Health Insurance Basics
Three basic questions about individual health insurance
1. What is individual health insurance vs. group insurance?
Individual health insurance — coverage you buy on your own from an insurance company.
Group health insurance — coverage you obtain through your employer.
You buy individual health insurance because you may be:
- Early retired
You pay the entire premium each month.
You can buy it by:
- Working directly with an insurance company
- Working with an insurance agent in your town
- Going on the internet
You can also buy this coverage through your state exchange or federal marketplace.
If you enroll through Healthcare.gov, you may be eligible for subsidies based on your expected income level:
- Advance Premium Tax Credits: Lower monthly premium payments.
- Cost Share Reduction plans: Lower the amount you have to pay for deductibles, copayments and coinsurance.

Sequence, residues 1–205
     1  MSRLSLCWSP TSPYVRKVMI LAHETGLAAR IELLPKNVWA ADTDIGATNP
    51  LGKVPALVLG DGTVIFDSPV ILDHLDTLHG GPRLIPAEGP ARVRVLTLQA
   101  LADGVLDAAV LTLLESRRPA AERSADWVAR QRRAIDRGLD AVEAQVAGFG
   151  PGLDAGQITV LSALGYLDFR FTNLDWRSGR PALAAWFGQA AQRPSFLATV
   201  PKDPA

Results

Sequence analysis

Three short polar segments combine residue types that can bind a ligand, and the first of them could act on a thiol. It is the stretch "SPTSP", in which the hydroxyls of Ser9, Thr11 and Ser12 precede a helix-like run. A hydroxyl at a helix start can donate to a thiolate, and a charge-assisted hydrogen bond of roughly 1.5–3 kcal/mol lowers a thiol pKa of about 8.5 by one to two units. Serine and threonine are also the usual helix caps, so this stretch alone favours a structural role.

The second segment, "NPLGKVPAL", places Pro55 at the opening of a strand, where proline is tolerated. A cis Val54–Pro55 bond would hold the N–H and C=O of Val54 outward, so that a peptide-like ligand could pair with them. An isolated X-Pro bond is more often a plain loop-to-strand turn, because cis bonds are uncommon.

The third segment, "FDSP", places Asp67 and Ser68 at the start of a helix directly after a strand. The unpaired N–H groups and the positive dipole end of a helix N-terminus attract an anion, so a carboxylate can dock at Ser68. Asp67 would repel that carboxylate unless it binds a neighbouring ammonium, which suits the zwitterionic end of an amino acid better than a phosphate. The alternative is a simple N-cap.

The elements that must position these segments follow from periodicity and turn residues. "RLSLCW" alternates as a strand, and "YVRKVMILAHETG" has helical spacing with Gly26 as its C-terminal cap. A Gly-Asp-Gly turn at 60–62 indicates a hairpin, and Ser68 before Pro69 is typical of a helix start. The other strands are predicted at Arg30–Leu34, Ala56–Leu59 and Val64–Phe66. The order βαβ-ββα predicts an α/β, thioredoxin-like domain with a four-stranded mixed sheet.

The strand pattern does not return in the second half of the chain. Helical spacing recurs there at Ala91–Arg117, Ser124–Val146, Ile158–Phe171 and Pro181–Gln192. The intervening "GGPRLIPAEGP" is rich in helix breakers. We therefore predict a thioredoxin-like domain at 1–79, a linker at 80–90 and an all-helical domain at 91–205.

To see if you quality, visit Healthcare.gov.
2. What doctors can I see?
Your individual plan will have a network of doctors and other providers you can choose from. With some plans, you can use a doctor who is not in the network but you’ll end up paying more — sometimes much more.
In some plans, you’ll pay a deductible — the amount you pay before your plans starts to pay for covered services.
Find out more and see if your doctor is in the Innovation Health plan network.
More to remember:
- Doctors and other providers are independent contractors.
- They don’t work for Innovation Health or Aetna.
- Neither Innovation Health nor Aetna provides care or guarantees access to health services.
3. Are my prescriptions covered?
Many individual health plans cover your prescriptions. A deductible — the amount you pay before your insurance begins paying benefits — is often required before the plan pays.
Plan details differ. So be sure to check how a plan covers:
- Preferred drugs — These are brand-name drugs in the plan’s formulary or list of approved drugs.
- Nonpreferred — These are brand-name drugs not in the plan’s formulary. You usually pay more for these drugs.
- Generic drugs — These have the same active ingredients as brand-name drugs but usually cost the least.